DURHAM, N.C. – Invasive species have become a large problem worldwide. They cause environmental as well as economic problems. Scientists have been studying numerous invasive species looking at their breeding patterns, suitable habitats for them, and many other aspects of their existence. However, researchers are still having difficulty discovering effective methods to control their current spread as well as to prevent their future spread. Every invasive species is different, and rarely is any control method completely effective.
There are several current methods in use by scientists including chemical, physical, and genetic methods (that prevent reproduction). One popular method in use since the late 19th century is biological control. Biological control is the intentional use of one organism to control the population size of another organism. Biological control has had many disasters throughout its practice. The problem with biological control is that many times, organisms introduced to control one alien species problem, actually cause further negative environmental impacts.
The important questions about biological control is what do you think? What do your friends and neighbors think? Depending on what you say, biological control may soon be coming to your nearest invasive species if you and your neighbors say it is socially acceptable. Jeremy Joven, a student at Duke University, is searching for the answers to these questions that many researchers have ignored for years.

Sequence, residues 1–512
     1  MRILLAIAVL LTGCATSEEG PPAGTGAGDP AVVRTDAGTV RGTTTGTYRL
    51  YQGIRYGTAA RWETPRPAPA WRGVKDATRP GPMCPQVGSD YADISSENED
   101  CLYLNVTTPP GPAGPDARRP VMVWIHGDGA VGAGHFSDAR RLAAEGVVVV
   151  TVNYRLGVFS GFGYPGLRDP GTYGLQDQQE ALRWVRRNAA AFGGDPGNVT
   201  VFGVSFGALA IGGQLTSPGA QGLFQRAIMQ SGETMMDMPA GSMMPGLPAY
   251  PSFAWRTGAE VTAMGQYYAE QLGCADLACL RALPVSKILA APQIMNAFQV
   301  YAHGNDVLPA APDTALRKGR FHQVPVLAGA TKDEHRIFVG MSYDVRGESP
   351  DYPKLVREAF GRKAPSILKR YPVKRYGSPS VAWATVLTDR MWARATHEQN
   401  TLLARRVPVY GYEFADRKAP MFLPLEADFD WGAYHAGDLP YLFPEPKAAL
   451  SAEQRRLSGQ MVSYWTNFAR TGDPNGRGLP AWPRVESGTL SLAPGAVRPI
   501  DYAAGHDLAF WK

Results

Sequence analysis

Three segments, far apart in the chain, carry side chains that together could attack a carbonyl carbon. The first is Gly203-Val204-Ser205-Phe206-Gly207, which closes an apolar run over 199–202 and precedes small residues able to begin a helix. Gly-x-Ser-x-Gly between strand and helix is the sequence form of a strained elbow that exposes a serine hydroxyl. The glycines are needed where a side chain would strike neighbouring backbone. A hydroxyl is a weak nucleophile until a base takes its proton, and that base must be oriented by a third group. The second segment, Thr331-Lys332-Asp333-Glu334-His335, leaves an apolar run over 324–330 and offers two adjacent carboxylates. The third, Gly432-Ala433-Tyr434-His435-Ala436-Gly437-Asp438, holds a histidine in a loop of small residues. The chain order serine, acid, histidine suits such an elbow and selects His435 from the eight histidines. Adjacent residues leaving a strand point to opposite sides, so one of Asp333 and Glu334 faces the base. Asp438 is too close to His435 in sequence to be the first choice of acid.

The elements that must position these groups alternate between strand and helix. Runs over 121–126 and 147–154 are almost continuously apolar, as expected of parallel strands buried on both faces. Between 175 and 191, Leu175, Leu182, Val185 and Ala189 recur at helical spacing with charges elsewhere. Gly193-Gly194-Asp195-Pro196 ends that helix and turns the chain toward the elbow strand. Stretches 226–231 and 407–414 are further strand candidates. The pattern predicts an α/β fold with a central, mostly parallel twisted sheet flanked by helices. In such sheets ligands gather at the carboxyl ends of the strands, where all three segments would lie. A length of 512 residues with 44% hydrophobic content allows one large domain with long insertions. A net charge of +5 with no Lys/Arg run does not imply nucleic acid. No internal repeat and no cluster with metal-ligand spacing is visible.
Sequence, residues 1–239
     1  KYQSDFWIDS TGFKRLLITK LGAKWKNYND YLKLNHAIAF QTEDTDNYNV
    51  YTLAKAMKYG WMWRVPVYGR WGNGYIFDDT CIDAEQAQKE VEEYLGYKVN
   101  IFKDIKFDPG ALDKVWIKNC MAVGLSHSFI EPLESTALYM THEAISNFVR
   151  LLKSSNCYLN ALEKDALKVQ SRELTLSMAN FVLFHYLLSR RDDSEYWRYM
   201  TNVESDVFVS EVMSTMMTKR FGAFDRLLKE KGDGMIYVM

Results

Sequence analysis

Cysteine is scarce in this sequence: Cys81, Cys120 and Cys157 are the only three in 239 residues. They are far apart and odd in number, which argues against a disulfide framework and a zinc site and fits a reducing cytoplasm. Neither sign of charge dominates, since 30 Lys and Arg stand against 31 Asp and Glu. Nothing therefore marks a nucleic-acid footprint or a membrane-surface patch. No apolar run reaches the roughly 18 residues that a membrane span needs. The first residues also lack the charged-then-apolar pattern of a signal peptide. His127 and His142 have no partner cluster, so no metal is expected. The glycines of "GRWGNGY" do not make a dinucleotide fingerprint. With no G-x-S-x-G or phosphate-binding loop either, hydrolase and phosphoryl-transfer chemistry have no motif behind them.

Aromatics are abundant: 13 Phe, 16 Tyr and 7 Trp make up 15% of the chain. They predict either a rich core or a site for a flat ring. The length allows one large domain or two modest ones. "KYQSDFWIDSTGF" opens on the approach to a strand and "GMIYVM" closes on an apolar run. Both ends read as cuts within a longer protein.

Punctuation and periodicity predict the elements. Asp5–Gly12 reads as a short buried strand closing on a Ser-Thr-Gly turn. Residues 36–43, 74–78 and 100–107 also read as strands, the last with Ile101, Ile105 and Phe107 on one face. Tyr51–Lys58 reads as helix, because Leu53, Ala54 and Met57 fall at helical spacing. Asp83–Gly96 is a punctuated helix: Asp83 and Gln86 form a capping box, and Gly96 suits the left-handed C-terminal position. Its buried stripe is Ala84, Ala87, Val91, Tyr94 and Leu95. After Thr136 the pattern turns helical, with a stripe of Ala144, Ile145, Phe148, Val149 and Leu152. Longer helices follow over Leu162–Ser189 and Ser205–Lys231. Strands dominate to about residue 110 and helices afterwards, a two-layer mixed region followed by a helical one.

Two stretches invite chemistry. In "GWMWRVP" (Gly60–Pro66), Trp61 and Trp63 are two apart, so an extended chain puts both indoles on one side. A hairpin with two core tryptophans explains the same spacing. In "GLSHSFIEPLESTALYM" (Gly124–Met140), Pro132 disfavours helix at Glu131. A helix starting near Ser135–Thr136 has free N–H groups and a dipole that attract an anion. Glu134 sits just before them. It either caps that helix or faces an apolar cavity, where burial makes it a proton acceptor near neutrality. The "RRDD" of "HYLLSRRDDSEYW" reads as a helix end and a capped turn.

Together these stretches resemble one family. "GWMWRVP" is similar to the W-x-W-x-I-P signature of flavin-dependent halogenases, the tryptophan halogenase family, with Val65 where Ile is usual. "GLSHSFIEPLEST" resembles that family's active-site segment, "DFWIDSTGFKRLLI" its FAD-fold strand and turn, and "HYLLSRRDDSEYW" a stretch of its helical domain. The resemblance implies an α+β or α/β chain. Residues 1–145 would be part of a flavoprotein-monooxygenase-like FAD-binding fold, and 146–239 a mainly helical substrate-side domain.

Scientists do not always fully explain scientific processes such as biological control and ask for the average layman’s opinion. However, Joven is about to change all that. Joven is in the process of researching invasive species control methods and their popularity in random samples of people across all dimensions of knowledge in society including representatives of aquatic conservation groups, local, state, and national aquatic managers, international scientists, and average citizens like you and me. He says the current methods of control that are publicly acceptable are largely ineffective and cost inefficient. He speaks of rare success stories with all methods including biological control.
Knowing that the government is unlikely to fund programs and projects containing control methods unpopular with taxpayers, Joven’s goal is to find the “perfect solution” to alien species being both effective as well as socially acceptable. He wants to educate people and differentiate between the actual effectiveness of biological control and its social acceptability. He does not want a repeat of the public relations’ disasters of recent years regarding inhumane killing methods of invasive species.
Joven believes that biological control will be deemed socially unacceptable because of its low success rate and high costs. People want consistent positive results, and biological control is just too unreliable for people to accept as the best method for widespread use. However, Joven believes that his research will lead to further research into determining a publicly approved program with better results. Most importantly, Joven believes his work will lead to an established order for the use of the various control methods on invasive species in the future and bring greater success to invasive species prevention.